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comment by galen
galen  ·  130 days ago  ·  link  ·    ·  parent  ·  post: Pubski: June 6, 2018

OK, real update:

Had 2 more meetings re: transferring. Getting credit in the German department here looks pretty rough, so if I stuck with that as my major I'd probably need an extra 1-1.5 years beyond next year to get my diploma. Which is kinda shitty.

However-- getting credit looks rough because our German program is basically far inferior to the program here (duh). Which speaks for transferring in 2 ways:

1 I would be getting a better education

2 If I were to go back now, finish my degree, and then apply for master's programs in Germany, like a few people have suggested, my chances would be pretty shit. At the uni I'm at right now, I wouldn't even be allowed to apply-- I'd need another bachelor with a more diverse range of courses.

So if I were to go back, my options for master's programs would be restricted to the US (not happening) or inter-cultural literature programs (there's one here called "European Languages and Literatures," which has much looser admissions requirements in relation to German studies).

This brings in another possibility: switching majors and studying English in Germany. The school I'm at has one of the best English programs in the country, and their placement rate for PhD students is the best in Germany. With an English degree, then, I could easily apply to inter-cultural master's programs, without the unpleasantness of another year in the US. And since I'm a native speaker with so much coursework in English, it would only be 1-2 extra semesters (beyond next year) to get my degree.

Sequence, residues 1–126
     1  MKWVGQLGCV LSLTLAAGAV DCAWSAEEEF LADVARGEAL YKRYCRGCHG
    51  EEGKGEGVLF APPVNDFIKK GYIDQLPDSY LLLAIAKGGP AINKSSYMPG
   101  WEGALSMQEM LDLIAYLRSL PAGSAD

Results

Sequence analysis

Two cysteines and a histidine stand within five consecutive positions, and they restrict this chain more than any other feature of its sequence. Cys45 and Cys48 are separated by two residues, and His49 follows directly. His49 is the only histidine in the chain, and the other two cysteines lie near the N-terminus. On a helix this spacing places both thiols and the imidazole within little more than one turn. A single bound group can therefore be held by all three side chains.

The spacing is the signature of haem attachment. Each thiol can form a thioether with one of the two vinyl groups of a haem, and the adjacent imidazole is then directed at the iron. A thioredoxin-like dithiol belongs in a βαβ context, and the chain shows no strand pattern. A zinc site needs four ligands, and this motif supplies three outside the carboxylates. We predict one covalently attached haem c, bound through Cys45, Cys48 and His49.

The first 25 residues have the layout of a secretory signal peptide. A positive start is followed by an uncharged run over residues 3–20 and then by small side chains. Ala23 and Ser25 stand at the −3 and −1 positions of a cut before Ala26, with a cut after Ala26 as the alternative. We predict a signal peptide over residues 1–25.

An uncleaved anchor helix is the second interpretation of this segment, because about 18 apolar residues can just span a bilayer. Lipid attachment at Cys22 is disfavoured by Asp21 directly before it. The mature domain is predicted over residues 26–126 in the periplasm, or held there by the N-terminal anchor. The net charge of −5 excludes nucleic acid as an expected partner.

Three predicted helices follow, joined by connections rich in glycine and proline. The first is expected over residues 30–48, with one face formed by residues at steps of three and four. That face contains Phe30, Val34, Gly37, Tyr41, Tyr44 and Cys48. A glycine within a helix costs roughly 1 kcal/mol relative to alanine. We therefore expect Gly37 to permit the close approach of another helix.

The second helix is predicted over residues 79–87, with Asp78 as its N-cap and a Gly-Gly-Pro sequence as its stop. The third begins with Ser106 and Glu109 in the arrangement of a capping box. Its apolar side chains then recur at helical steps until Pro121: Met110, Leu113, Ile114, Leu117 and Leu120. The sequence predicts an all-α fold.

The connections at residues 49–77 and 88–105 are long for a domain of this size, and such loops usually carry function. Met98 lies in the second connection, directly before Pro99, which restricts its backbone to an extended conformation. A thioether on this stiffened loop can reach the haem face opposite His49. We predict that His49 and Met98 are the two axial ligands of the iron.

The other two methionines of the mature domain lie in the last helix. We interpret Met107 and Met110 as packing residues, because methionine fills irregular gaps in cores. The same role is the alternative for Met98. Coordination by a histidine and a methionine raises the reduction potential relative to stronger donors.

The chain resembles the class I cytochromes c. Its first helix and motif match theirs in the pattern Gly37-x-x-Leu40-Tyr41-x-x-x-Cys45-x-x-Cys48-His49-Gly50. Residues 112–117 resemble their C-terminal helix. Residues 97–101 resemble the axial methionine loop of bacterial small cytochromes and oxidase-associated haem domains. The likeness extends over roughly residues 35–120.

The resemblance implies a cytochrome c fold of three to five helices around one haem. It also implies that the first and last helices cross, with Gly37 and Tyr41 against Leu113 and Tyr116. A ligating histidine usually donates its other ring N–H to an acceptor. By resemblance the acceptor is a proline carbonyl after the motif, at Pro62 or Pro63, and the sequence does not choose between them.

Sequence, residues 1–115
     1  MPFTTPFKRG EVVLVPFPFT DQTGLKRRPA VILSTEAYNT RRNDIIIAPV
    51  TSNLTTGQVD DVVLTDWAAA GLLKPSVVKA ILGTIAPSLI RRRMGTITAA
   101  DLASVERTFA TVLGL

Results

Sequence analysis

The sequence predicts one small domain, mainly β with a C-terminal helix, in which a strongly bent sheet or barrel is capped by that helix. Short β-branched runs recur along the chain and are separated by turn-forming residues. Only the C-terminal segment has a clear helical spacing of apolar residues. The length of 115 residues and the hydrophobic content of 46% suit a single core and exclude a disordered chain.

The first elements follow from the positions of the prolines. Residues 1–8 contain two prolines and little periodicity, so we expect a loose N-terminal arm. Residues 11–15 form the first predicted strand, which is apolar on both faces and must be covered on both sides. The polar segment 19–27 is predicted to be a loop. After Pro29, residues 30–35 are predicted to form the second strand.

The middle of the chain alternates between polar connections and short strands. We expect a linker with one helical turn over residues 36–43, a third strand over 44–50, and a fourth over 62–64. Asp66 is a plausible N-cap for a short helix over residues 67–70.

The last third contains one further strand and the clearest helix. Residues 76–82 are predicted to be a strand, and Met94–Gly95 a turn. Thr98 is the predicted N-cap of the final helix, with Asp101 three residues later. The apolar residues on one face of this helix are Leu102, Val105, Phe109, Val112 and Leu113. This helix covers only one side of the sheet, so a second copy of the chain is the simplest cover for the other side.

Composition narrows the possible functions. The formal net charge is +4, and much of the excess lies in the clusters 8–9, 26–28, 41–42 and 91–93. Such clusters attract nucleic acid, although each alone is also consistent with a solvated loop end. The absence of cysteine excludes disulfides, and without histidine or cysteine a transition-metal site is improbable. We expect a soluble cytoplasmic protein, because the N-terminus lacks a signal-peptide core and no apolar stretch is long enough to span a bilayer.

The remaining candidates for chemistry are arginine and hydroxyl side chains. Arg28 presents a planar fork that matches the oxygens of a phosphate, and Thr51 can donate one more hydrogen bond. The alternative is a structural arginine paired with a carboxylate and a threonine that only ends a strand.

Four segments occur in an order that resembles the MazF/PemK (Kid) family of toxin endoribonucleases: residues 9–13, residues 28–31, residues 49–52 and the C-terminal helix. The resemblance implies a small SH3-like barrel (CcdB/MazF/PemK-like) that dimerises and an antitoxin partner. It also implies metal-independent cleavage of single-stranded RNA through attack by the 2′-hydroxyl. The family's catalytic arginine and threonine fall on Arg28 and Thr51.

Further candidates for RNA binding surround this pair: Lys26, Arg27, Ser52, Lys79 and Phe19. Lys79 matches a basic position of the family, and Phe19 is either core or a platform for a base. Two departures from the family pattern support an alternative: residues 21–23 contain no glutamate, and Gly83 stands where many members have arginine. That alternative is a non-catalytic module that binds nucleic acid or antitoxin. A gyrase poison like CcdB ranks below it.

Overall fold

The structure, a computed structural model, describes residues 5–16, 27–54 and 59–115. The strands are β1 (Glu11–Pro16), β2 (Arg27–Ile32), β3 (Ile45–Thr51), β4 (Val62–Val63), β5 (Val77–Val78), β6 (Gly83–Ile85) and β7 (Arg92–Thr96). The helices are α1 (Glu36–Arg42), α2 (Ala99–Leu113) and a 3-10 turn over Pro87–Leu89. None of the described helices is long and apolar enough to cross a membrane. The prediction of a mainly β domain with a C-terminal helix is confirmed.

OR I could even go into a master's program in pure English, at which point I'd be in a great position to become an English professor in Germany. (Compare with German studies-- in English, my native language is beneficial; in German, it's a handicap.)

So at this point, it's basically no longer a question of transferring or not transferring. All the disadvantages of transferring are tied to advantages that compensate (German disadvantage: takes longer, advantage: master's in German; English disadvantage: no master in German, advantage: in Germany, and it barely even takes longer).

It's a question of English or German-- what do I want to do in the future? Will keep you guys updated.

Oh, and if I stay here, I might even have a job already: I've befriended the head of IT :)